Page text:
However, if a husband will not conform to Allah’s religion in preference over his culture or family’s way of doing things, a wife has every right to leave such a husband. You have to decide if this is your case and if you need to leave your husband for the sake of Allah, yourself, and your unborn child.

And remember pain is the symptom of a test, which is what Allah created us for (to test us). So, try to read your pain not as pain, i.e., what it feels like (horrible), but as the route (like labor pain produces a baby) to enlightenment and union with Allah, because we call on Allah when we feel pain (while we should always thank Allah).

May Allah make it easy for you.


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About Nasira S. Abdul-Aleem
Nasira S. Abdul-Aleem, an American, has a BA in English from UC Berkeley
and is about to receive an MS degree in counseling psychology
(Marriage and Family Therapy - MFT) from the Western Institute for Social Research.
For over ten years, Nasira worked as a psychotherapist with the general public and in addiction recovery.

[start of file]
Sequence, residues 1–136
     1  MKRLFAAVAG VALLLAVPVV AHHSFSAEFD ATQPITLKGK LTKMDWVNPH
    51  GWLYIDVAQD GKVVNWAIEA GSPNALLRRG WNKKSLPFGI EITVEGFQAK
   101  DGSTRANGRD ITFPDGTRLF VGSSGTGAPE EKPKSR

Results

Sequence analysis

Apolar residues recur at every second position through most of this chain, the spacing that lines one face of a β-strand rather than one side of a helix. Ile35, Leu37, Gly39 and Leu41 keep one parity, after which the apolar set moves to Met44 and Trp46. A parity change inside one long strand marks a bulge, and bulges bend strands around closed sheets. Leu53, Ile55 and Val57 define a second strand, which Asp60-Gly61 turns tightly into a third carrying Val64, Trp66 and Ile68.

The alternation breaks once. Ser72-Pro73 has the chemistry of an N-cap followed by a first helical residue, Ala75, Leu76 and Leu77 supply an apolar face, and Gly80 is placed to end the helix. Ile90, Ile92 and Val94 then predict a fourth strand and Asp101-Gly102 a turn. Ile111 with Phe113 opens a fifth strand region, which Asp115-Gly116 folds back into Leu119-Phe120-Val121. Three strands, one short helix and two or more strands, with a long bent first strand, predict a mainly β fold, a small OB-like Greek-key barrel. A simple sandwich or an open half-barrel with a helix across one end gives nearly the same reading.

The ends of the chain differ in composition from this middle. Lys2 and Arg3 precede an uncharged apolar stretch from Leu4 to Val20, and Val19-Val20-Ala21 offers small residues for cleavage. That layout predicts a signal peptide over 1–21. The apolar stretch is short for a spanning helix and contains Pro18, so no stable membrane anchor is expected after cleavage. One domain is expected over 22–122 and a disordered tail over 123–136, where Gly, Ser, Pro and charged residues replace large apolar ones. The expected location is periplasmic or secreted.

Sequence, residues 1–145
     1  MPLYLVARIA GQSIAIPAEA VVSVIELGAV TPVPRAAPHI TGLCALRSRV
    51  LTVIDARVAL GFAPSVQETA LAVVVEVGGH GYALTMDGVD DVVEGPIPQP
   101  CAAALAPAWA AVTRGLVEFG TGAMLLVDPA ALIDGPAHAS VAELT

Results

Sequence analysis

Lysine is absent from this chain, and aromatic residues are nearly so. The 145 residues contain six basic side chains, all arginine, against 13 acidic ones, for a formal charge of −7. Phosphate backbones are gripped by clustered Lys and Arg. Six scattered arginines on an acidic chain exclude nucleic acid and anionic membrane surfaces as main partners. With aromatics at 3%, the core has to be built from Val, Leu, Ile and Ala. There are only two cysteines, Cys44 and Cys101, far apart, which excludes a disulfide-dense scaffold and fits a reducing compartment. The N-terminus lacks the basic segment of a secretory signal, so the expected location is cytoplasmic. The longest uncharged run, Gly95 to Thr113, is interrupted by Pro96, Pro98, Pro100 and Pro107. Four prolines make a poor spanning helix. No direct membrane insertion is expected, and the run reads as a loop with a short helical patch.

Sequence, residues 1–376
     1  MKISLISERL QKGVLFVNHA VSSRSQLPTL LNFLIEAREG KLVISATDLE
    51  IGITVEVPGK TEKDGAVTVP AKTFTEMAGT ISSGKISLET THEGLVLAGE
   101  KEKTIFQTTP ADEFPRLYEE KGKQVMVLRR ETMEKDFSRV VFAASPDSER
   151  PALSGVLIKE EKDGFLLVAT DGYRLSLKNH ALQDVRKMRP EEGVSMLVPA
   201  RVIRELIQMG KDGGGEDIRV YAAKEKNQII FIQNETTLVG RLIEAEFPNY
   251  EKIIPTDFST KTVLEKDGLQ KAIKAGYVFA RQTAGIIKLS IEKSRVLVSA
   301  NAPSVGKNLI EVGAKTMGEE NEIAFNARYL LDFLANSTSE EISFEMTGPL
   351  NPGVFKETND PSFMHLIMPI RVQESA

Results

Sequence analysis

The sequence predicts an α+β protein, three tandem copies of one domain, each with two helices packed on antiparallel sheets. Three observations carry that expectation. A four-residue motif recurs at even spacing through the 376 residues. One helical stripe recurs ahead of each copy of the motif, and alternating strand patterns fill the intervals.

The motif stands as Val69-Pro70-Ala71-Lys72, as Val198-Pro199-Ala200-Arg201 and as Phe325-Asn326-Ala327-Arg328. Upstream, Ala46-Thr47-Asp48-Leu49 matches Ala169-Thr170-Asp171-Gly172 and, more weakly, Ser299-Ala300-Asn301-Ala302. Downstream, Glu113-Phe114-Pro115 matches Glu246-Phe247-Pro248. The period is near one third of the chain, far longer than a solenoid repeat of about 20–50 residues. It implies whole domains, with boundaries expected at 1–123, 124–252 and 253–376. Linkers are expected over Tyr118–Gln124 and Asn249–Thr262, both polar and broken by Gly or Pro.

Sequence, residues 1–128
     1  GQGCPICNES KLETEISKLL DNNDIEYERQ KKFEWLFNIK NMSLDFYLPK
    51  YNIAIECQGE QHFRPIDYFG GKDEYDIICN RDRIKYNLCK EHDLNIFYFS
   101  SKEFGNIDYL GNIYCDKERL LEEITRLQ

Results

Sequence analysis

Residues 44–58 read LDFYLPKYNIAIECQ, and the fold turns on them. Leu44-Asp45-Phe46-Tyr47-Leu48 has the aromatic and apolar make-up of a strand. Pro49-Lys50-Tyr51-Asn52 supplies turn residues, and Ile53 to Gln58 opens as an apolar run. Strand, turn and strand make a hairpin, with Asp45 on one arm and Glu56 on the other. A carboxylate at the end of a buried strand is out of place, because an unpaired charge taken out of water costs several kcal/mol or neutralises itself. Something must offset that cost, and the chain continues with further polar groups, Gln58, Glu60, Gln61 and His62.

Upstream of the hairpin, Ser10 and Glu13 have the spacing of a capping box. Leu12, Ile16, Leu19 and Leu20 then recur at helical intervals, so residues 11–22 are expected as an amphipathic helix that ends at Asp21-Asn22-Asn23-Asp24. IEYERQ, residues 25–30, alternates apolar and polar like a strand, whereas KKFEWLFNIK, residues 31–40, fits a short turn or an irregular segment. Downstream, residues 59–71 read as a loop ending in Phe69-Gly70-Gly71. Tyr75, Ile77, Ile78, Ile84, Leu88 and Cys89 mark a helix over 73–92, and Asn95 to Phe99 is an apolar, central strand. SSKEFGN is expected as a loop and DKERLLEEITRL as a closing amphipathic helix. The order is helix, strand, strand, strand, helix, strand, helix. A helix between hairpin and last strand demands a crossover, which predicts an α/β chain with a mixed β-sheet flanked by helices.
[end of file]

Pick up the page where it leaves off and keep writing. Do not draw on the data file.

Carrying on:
For the last few years, she has been a life coach specializing in
interpersonal relations.
Nasira also consults with her many family members who studied Islam overseas and returned to America to be Imams and teachers of Islam. Muslims often ask Nasira what psychology has to do with Islam. To this, she replies that Islam is the manifestation of a correct understanding of our psychology. Therapists and life coaches help clients figure out how to traverse the path of life as a Believer, i.e., "from darkness into light", based on Islam and given that that path is an obstacle course, according to Allah.